# If [NAME] is not specified, it defaults to wings.
./ [NAME]

This file will execute the container with the following options (it is assumed that the image name is wings:latest):

docker run --interactive \
               --tty \
               --env WINGS_MODE='dind' \
               --volume "${NAME}_vol":/opt/wings \
               --name ${NAME} \
               --publish 8080:8080 \
               ${ARGS} wings:latest

If you want to stop the WINGS container, execute the following command:

docker stop wings

Attention: If you remove a container execution, you will delete the data, workflows and executions created on it. You can stop the execution without an issue. See Section 5 to save your changes in the image.

If you start and stop your container several times, sometimes the volume is not mounted correctly and leads to errors. In those cases you should remove your volume:

docker volume rm wings_vol

And call the script again

Attention: If you remove the volume, you will delete the data, workflows and executions created on the container. See Section 5 to save your changes in the image.

  1. Accessing the web interface from the Docker image: http://localhost:8080/wings-portal

Copy results from different executions into your local computer

You can access the results from your workflows, using the web browser: http://localhost:8080/wings-portal, going to “Analysis->Access Runs” or “Advanced ->Manage Data”. Whenever a file is downloaded, it will be saved to your local computer.

In order to save the results from your WINGS dockerized image, you have to mount another volume. The volume will be used to copy the results of the workflow to your localhost computer:

  1. Edit the script adding another volume after the --volume "${NAME}_vol":/opt/wings \ line:
--volume "c:/Users/dgarijo/Desktop/sharedFolder":/out \

In the tutorial we are sharing a folder on the local computer on path c:/Users/dgarijo/Desktop/sharedFolder. The shared folder in the container will be called out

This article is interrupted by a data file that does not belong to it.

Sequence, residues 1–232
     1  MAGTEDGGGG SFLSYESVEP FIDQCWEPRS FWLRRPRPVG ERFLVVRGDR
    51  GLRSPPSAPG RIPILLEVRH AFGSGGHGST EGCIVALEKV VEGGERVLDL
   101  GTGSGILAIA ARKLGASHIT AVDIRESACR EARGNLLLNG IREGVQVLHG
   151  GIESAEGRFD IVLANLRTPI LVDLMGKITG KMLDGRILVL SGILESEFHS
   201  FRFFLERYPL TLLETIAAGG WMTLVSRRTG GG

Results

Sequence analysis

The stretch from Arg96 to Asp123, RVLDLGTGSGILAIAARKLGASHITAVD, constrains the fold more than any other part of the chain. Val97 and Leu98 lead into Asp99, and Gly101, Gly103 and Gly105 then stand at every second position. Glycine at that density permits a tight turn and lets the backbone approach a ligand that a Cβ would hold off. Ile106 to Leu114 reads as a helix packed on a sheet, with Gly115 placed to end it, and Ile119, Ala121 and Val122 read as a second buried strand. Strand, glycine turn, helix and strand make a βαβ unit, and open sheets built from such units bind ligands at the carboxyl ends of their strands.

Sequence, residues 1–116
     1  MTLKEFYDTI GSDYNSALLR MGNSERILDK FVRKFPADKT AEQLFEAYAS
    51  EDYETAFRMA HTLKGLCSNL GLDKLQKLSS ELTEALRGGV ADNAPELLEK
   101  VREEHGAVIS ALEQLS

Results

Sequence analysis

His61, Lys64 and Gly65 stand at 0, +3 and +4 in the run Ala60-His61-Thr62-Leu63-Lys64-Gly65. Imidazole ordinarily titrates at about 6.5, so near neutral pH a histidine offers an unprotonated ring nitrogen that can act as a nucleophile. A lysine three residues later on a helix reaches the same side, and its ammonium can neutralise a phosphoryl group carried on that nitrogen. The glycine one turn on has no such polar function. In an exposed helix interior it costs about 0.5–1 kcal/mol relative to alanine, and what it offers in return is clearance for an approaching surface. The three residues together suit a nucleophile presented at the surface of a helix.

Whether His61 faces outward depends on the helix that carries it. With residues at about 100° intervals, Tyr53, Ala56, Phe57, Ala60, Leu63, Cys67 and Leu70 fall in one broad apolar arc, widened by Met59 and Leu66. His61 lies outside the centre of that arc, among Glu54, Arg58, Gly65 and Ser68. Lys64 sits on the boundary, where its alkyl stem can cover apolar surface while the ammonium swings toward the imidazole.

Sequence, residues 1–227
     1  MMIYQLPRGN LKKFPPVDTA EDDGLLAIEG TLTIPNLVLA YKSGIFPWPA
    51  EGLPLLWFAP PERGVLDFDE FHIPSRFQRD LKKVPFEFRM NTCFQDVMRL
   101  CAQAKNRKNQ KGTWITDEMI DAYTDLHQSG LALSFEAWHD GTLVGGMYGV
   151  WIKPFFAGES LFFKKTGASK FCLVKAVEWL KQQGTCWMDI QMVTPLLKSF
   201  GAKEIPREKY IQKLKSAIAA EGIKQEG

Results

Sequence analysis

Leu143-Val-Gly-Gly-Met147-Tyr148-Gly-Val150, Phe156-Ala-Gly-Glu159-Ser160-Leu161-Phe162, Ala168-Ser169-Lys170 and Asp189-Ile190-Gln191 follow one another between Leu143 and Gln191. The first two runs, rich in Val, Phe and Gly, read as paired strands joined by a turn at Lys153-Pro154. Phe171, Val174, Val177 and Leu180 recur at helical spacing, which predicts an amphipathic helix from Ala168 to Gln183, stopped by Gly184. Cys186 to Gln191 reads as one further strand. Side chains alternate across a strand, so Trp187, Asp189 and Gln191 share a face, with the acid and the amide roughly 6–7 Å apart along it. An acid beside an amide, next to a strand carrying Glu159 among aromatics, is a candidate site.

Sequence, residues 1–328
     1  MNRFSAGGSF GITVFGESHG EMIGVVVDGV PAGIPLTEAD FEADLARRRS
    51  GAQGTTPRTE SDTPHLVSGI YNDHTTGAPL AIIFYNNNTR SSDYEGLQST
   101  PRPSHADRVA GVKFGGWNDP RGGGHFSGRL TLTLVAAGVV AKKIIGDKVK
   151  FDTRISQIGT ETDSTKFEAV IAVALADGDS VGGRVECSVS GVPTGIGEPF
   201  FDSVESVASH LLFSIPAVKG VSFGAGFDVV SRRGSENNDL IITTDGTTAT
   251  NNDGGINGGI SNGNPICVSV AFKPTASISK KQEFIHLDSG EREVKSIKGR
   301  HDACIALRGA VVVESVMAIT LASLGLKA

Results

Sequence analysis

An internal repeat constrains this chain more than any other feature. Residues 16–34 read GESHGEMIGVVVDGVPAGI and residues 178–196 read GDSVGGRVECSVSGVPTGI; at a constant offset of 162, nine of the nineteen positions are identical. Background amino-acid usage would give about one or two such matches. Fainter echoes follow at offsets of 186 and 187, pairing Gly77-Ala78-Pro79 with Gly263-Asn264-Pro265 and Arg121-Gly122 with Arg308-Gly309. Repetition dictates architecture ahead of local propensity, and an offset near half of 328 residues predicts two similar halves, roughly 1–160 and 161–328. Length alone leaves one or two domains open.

1. Execute the

  2. Select the folder with results that you want to copy. Unless the Dockerfile is changed, it should be on
    cd /opt/wings/storage/default/users/username/domain/
  3. Copy the results you want to the mounted volume:
    cp /opt/wings/storage/default/users/admin/blank/data/out1.txt /out/out1.txt

Those result will appear on your shared folder.

Importing an existing domain inside the WINGS Docker image

This functionality can be done as if we did it through the portal:

  1. Go to http://localhost:8080/wings-portal/users/admin/domains

  2. Click on Add and Import domain.

  3. Go to and select the URL of the domain to download. This tutorial has been tested successfully with the domain in students/, running the CaesarCypher workflow (it has no infrastructure dependencies). Other domains may have particular infrastructure requirements that would need to be installed on your Docker image.

  4. Click submit and wait until the domain is imported. It should appear shortly after in your domain list.

Running Docker components inside the WINGS Docker image

You can run dockerized components inside the WINGS Docker image too. Since we already introduced in another tutorial how to create an image with your components (see, here we will just show how to reuse existing images.

In this case we are going to use the “sort” function included in the samtools package. We will reuse the image: comics/samtools, stored in Dockerhub. Your “” file should look like:


checkExitCode() {
 if [ $? -ne 0 ]; then
     echo "Error"
     exit 1;

BASEDIR=`dirname $0`
. $BASEDIR/ 1 0 1 "$@"


if [ "${WINGS_MODE}" == "dind" ]; then
set -x
    echo "Docker Mode"
    if [ -e ${BASEDIR}/Dockerfile ]; then
        pushd ${BASEDIR} > /dev/null
        docker build --tag html2text .
        popd > /dev/null

    docker run --volumes-from ${HOSTNAME} comics/samtools samtools sort -o $OUTPUTS1 $INPUTS1
	exit 0

You can download the component and a sample file from this github repository as well.

Save workflow descriptions and data in your image

Imagine that you have been working with your WINGS container for a while, and now you want to preserve your progress. One option is to copy your WINGS data and components into a local volume as we have done in Section 2.2. Another way is to save all the changes in the current image, in order to have them available for the future. In order to achieve this, you have to follow the next steps:

  1. Execute docker ps and save the container id of your wings:latest image.

  2. Execute docker commit <container_id> <image name>. For example, in my particular case this was: docker commit f4723e4febb8 wings:latest, because I wanted to save the image under the wings:latest name.

And that’s all. Now, next time you start the script, you will have all you commited changes available in the WINGS image.

Remember: If you want to preserve further changes, you will have to commit them every time. The commit operation will not include any data contained in volumes mounted inside the container.

Upload your image to DockerHub

Once you have an image ready, the next step is to make it available online. First, you need to create a Docker id, which will allow you to register images on the Docker cloud. Then, you just have to follow the steps indicated in the Docker documentation to push your image online.